With the economy sinking deeper into recession, a new survey reveals that companies are digging deeper into the cost-cutting toolbox. In many cases, they are using a creative combination of measures, from salary freezes to forced vacations, to achieve savings objectives. The most surprising result of this multifaceted approach to cost containment is the fact that nearly half of the companies surveyed have been able to avoid making permanent layoffs.
Few companies remain unscathed from the current economic crisis, with 92 percent initiating some type of cost-cutting action, according to the survey findings released Monday by global outplacement and business coaching firm Challenger, Gray & Christmas, Inc. The results are based on responses from approximately 100 human resource executives in a variety of industries nationwide.
While permanent layoffs are by no means fading, this was not the leading cost-cutting method in the survey. The most often-used cost-cutting initiative was reducing travel expenses, cited by 67 percent of survey respondents. It was followed by hiring freezes and reductions, which are being utilized by 58 percent of companies in the survey.
Permanent workforce reductions were made by 56 percent of the companies surveyed. Other leading cost-cutting measures included cancellations of holiday parties, salary freezes, cuts in workers’ hours, reductions in or the elimination of year-end bonuses, and cutbacks in various perks.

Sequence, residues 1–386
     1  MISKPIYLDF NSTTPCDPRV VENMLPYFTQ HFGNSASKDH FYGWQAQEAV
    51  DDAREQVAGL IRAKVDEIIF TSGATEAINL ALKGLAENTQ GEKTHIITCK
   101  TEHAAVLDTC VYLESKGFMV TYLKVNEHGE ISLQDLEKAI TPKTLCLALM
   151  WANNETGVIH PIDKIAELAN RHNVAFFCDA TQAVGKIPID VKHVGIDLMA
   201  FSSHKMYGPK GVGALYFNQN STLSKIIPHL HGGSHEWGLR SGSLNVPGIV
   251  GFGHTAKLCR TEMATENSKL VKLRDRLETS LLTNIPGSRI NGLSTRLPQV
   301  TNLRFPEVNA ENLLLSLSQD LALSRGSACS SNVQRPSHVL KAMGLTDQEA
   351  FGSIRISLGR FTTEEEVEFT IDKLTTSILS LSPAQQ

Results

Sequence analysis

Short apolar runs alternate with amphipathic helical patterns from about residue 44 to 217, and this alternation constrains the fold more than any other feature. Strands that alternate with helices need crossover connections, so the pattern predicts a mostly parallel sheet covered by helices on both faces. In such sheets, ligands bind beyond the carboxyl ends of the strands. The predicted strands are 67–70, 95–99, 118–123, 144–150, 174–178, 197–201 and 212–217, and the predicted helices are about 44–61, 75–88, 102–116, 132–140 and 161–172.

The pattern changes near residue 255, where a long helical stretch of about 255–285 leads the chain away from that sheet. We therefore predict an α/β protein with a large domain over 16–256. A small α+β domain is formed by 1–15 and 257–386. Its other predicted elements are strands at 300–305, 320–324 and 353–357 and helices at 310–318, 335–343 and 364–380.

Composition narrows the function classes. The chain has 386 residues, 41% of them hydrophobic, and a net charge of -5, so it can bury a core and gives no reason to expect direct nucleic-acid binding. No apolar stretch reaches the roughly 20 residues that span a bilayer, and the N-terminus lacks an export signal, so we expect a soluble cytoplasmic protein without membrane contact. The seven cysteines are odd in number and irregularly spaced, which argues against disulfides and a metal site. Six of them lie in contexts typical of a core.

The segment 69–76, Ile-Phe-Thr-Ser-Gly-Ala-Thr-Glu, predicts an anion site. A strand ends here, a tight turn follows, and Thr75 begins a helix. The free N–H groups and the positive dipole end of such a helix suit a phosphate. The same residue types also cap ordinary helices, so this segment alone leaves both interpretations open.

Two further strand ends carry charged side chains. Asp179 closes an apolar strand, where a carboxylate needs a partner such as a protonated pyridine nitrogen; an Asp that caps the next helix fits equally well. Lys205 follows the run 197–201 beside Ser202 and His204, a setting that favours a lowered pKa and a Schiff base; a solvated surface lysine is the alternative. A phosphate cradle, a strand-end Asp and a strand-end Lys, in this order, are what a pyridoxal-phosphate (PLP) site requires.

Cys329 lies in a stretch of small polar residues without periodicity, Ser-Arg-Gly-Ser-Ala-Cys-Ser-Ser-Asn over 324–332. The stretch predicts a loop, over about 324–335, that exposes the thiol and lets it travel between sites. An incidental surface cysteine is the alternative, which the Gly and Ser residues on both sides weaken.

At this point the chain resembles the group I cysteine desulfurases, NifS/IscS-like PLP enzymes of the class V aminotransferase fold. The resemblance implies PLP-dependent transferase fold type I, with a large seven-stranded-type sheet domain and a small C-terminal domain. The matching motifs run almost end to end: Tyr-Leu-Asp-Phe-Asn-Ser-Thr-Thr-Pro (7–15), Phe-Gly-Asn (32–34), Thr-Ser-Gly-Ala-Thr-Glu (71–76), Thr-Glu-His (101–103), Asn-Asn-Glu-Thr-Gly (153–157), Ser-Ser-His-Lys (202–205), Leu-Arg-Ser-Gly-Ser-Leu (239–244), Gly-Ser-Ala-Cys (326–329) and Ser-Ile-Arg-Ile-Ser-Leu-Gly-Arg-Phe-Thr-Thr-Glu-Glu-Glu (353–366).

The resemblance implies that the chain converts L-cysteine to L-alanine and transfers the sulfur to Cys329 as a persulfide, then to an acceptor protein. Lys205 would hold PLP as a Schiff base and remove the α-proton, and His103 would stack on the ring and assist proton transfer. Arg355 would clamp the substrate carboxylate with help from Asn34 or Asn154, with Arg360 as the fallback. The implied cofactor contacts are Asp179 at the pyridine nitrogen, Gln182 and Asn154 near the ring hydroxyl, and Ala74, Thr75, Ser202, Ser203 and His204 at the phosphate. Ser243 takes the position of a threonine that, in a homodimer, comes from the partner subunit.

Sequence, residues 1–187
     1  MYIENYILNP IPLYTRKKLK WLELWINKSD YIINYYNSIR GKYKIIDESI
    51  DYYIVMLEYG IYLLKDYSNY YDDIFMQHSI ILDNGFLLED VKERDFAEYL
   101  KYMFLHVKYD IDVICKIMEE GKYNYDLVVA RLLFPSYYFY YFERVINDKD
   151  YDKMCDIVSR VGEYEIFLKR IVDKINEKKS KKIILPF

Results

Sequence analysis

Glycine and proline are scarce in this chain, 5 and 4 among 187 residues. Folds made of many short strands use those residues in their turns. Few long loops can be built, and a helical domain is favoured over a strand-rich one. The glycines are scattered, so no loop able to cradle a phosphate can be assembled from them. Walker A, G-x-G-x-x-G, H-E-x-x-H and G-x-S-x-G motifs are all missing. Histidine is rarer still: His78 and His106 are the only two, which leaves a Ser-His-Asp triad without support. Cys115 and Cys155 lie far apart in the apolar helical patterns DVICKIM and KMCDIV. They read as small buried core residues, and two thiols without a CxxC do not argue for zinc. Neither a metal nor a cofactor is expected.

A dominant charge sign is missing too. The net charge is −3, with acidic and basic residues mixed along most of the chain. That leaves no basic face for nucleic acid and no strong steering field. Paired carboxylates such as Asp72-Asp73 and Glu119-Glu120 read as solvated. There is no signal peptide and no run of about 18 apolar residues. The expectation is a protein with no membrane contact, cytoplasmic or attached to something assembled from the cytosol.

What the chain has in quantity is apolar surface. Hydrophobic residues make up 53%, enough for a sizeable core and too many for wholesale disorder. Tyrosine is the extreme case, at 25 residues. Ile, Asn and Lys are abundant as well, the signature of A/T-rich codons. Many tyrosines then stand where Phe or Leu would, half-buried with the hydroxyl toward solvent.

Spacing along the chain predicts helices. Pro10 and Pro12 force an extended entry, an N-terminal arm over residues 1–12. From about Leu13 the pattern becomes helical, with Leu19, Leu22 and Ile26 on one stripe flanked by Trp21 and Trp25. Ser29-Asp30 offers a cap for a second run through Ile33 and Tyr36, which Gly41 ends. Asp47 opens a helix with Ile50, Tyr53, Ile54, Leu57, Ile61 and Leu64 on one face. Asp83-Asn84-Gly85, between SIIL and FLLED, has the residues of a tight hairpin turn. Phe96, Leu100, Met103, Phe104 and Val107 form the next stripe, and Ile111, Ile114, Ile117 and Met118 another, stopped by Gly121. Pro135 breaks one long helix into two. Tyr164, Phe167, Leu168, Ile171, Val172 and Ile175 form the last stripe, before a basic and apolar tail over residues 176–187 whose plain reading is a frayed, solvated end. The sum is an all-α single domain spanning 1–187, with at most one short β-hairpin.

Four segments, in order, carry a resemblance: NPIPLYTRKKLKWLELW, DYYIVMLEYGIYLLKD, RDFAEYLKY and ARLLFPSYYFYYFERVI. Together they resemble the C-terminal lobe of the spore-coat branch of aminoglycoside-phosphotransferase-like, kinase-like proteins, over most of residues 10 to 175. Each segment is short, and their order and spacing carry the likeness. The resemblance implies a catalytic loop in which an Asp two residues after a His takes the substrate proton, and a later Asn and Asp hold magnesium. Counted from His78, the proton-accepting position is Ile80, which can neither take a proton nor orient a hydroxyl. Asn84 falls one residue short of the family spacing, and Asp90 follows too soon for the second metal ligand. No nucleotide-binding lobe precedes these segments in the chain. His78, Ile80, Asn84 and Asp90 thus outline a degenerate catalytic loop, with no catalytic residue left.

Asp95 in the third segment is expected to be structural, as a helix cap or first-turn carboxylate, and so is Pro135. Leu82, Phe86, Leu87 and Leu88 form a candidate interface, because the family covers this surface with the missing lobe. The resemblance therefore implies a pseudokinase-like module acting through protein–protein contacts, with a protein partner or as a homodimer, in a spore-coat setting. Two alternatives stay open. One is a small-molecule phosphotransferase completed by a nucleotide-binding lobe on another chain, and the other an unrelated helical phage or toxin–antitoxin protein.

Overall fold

According to the survey, 82 percent of companies have employed at least two cost-cutting methods. The average number of cost-cutting actions initiated among companies taking a multi-tiered approach was 5.3. One Midwest manufacturing firm in the survey had enacted 15 of the 17 cost-cutting measures provided in the survey.
Only two percent of companies used permanent layoffs as their sole cost-containment initiative. The 56 percent of companies making permanent layoffs have utilized an average of five additional cost-cutting initiatives.
In order to stave off layoffs, one consulting firm in the Southwest cut its travel budget, reduced year-end bonuses, trimmed or eliminated some perks and indefinitely postponed salary increases for management. A healthcare association in the northeast has ratcheted down on all expenses, including travel, is cutting back its tuition reimbursement program and not filling open positions.
One interesting trend we have seen in this downturn is the increased use of across-the-board salary reductions. In the past, companies were more inclined to cut jobs than reduce wages, reasoning that productivity would drop and turnover increase among high-performing workers. However, we are seeing a reversal in that line of thinking, due to the severity of this downturn and the idea that everyone, including the top executives, will have to make sacrifices to ensure the company’s survival.
Nearly 30 percent of companies in the Challenger survey have instituted a salary freeze or reduction because of the downturn. While respondents to the Challenger survey were anonymous, several employers have publicly announced salary freezes, including President Barack Obama, who enacted salary freezes for White House aides earning $100,000 or more.